Step 1) Verify & Secure Brand Name
To secure and register your brand name it must be unique, and must not contain any restricted wording. To check if your name is available, conduct a business entity search through the state, and if you expect any potential trademark issues, conduct another quick search using the TESS System through the U.S. Patent Office.
Keep in mind your name must contain the word “Corporation”, “Incorporated”, “Company”, or “Limited”, or the abbreviation “Corp”, “Inc”, “Co” or “Ltd”. If needed, you can reserve the name through the PA Department of State.
Filing Fee: $70
Quick Note: Before you commit 100% to a name, you may also want to check that there’s a decent URL available for your business. Use WEEBLY to search your options. If there’s a quality domain name for purchase, we advise buying it right away. Even if launching a website isn’t on your radar right now, it’s going to be soon, and you might as well nail down a domain name that’ll make it easy for customers to find you!
Step 2) Appoint A Registered Agent
When incorporating in Pennsylvania, you are required to designate a registered agent to handle official documents on behalf of your business. They must be a resident of Pennsylvania or a business entity legally registered to operate in the state. They also must have a physical address (non-P.O. Box) where they can be reached during normal business hours (Monday through Friday, 9 am to 5 pm).
You can designate a registered agent by electing someone within your company, hiring an outside professional, or incorporating through a service like IncFile to get a full year of these services for free.
Step 3) File Articles Of Incorporation
To legally form your Pennsylvania corporation, file Articles of Incorporation with the PA Dept. of State. This document declares the basics of your brand for the public record, including:
- Your corporation's name, address and purpose
- The full name and address of registered agent
- The number of authorized shares
- The names and addresses of initial directors and incorporators
If you choose to tackle this step without professional assistance, make sure to read the instructions at the end of the form in great detail. You may submit online, in-person or by mail depending on your preference.
Filing Fee: $125
Step 4) Get A Corporate Records Book
Think of this as the hard-copy records book where all critical corporate documents are kept, like the Articles of Incorporation, bylaws, meeting minutes, stock certificates, etc. It’s the ultimate company binder!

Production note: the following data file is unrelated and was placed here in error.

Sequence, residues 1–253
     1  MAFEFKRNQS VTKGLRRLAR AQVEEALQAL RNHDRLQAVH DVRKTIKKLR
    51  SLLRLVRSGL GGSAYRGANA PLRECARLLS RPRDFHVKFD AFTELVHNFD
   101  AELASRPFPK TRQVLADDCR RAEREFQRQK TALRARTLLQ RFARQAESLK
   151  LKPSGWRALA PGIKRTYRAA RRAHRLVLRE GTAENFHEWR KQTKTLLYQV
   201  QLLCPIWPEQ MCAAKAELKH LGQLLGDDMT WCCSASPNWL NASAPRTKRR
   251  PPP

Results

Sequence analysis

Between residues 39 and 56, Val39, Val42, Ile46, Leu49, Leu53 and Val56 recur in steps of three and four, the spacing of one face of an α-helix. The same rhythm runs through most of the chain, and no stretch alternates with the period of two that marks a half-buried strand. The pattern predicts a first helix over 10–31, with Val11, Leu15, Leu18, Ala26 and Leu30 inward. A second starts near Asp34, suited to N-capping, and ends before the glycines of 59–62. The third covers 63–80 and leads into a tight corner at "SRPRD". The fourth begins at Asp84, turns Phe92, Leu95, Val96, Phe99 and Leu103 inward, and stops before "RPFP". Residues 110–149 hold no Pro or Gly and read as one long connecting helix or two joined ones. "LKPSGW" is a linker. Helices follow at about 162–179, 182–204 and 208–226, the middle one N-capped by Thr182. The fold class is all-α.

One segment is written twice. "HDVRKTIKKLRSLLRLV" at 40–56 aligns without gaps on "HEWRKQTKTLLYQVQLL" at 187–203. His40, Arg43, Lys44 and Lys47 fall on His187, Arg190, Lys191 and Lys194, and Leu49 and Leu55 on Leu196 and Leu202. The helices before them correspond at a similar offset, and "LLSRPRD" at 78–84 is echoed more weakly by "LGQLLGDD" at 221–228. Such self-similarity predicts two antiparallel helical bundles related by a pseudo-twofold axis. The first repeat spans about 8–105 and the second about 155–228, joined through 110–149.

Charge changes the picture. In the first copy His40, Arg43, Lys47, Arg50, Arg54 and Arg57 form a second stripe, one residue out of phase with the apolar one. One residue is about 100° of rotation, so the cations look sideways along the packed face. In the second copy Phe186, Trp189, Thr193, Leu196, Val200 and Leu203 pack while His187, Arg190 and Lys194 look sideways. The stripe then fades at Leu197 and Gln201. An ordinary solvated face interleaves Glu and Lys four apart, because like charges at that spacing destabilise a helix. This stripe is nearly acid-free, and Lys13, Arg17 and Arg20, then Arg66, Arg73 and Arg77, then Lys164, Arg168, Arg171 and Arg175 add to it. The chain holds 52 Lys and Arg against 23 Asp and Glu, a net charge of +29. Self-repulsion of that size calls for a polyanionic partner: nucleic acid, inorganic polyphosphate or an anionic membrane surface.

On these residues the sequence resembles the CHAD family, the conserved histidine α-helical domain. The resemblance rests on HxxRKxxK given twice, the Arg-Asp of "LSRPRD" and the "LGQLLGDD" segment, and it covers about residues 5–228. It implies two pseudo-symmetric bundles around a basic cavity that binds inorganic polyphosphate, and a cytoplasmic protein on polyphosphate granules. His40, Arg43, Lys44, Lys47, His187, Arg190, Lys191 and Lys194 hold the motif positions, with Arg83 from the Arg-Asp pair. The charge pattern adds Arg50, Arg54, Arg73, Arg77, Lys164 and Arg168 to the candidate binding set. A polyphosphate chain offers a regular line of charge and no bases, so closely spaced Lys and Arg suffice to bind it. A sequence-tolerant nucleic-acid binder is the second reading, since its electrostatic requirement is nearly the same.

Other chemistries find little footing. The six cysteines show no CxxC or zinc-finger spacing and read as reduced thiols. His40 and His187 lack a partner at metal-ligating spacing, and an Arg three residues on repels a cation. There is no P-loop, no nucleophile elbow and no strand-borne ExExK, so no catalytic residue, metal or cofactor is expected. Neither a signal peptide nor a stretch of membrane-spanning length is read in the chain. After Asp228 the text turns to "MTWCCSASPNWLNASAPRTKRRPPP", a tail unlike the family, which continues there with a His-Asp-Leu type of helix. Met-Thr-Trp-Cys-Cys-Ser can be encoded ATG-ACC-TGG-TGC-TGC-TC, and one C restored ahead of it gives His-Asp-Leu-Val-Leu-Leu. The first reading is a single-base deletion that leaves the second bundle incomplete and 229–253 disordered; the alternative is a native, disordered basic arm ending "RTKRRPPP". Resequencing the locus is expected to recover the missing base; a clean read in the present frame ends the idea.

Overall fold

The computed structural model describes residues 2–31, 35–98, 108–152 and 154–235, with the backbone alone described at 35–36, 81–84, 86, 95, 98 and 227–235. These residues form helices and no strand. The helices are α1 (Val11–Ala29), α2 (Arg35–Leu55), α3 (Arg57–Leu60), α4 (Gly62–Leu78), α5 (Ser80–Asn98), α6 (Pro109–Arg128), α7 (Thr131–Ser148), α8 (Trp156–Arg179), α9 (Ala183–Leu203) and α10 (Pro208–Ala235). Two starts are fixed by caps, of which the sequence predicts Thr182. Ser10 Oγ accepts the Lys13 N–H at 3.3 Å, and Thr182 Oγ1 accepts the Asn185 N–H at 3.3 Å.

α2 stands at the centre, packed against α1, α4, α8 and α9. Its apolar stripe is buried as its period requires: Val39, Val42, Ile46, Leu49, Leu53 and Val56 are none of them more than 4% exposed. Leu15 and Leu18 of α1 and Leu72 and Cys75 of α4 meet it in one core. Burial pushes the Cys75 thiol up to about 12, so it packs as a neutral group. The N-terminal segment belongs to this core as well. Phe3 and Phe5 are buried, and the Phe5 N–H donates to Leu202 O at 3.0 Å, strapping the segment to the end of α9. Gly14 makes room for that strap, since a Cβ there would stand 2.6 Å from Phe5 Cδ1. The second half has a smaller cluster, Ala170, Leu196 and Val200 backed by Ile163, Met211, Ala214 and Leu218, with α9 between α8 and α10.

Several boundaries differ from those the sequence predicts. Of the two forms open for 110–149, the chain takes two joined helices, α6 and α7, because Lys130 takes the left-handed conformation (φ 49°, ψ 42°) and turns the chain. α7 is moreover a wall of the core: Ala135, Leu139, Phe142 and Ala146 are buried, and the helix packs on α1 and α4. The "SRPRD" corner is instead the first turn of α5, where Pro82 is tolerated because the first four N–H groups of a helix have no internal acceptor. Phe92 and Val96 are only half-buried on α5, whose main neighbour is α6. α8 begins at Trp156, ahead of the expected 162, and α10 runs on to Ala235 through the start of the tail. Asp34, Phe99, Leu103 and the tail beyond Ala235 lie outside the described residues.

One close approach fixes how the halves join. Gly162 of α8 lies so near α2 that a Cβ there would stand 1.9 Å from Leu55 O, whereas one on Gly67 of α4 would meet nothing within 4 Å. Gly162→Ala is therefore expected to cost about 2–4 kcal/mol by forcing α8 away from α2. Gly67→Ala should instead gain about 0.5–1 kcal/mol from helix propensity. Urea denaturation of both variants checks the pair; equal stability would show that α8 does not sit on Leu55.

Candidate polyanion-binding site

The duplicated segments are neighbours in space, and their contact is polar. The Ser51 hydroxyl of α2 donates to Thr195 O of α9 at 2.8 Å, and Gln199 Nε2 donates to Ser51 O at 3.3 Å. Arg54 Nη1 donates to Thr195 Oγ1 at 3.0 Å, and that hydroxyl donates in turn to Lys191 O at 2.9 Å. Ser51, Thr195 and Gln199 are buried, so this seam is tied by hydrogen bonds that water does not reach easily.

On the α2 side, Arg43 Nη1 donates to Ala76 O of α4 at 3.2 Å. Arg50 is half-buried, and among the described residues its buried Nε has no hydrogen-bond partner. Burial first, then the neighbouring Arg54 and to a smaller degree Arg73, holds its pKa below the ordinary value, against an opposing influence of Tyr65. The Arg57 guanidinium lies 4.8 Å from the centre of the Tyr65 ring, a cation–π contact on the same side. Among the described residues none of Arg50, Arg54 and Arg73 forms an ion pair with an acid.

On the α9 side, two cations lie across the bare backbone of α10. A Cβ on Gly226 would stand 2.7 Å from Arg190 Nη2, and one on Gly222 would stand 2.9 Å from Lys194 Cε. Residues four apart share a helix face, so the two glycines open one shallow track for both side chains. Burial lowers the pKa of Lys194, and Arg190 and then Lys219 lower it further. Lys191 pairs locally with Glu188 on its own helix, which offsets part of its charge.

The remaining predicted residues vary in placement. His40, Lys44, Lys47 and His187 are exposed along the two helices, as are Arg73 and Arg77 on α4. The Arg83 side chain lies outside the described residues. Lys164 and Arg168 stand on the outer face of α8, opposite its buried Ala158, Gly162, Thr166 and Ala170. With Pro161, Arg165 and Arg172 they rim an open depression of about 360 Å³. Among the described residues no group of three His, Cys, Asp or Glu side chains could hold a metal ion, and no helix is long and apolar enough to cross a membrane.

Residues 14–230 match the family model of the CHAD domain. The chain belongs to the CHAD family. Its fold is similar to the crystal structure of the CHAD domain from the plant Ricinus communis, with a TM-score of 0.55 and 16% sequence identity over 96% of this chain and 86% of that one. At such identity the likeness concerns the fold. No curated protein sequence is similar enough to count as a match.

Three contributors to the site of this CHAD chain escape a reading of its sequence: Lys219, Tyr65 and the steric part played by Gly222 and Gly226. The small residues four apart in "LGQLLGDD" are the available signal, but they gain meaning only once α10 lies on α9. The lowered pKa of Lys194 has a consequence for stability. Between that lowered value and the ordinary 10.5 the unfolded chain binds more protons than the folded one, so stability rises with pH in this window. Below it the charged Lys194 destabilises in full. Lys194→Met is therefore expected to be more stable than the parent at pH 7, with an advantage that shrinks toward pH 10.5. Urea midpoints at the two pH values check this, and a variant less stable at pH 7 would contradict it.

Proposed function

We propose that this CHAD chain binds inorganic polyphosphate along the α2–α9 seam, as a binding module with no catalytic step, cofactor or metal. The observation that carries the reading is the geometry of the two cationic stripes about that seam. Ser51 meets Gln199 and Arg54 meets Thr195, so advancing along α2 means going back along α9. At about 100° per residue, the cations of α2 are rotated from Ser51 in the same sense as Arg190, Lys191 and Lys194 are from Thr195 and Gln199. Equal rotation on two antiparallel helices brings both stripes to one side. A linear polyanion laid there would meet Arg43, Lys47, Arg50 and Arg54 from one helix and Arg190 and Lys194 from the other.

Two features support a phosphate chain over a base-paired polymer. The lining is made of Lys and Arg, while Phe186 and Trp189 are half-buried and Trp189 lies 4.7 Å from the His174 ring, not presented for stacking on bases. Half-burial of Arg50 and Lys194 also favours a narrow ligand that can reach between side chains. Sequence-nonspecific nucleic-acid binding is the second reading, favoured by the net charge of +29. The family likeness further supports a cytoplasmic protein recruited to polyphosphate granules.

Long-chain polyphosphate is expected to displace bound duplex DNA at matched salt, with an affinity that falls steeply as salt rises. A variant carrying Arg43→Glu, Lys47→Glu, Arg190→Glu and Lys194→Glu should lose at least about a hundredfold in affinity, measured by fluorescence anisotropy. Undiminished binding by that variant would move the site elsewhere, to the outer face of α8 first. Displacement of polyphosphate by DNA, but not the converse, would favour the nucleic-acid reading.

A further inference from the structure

While it’s not legally required, having one is highly recommended for all serious business entities. You can find one at a nearby office supply store or on Amazon, but we’re huge fans of corporate kits, which include gorgeous custom pieces like printed bylaws and a branded embossing seal.
Step 5) Hold Initial Meeting
Appoint at least one director who, among other things, will oversee the corporation until the first shareholder meeting (when new directors will be voted in).
But first, you need to hold an organizational meeting with your director(s), during which you’ll:
- Appoint officers
- Discuss/create corporate bylaws
- Approve the issuance of stock, sign certificate(s) and record stock issuance
- Agree on a corporate seal and adopt official stock certificate form
- Record/sign meeting minutes (and add to records book)
Note: To form an S-Corp, submit Form 2553 with the IRS (be sure all stockholders have signed it).
Step 6) Obtain an EIN
An EIN, or Employer Identification Number, is required by both state and federal governments for essentially the same reason individuals are required to have SSNs.
The nine-digit number will be used to track your corporation's financial activity and make it possible to open a business bank account and hire employees. Pretty much every major transaction your business engages in will require an EIN.
That said, you can get one easily and free of charge by applying online through the IRS Website. (Make sure to save the PDF document!)
Step 7) Open a Business Bank Account
When starting your Pennsylvania corporation, it’s very important to keep all personal and business assets/accounts completely separate. This requires opening a business bank account designated for your corporation’s finances and syncing it with accounting software.
That said, where you choose to bank is no small matter. Where will you start building the financial foundation of your brand? Who is offering the best overall services to corporate clients, relative to location and other conveniences?
Consider fee structures, perks, incentives, customer service, and any other features you care about when choosing a bank. You might want to start with a smaller bank for better deals, then switch to a larger bank when your volume demands it.
Quick note: Once you've decided on a bank, call ahead and find out what documentation you'll need in order to set up an account. Most banks will ask for your official EIN document and Articles of Incorporation, and some require additional documents such as your bylaws and business license(s).
Step 8) Handle Corporate Taxes, Licenses & Permits
To legally operate in Pennsylvania, you’re required to be 100% compliant with all relevant local/state/federal agencies. Ideally you should work with an attorney on this step, but at the very least you need to dedicate the time to knocking this out on your own.
That said, here are some resources to get you started:
Note that this guide to incorporating in Pennsylvania isn’t a legal document or legal advice. It’s for informational purposes and the information above is subject to change. For specific legal questions regarding how to form a Pennsylvania Corporation or business in general, please consult with an accredited professional. We recommend JGW INcounsel/John G. Webb, III, Esq.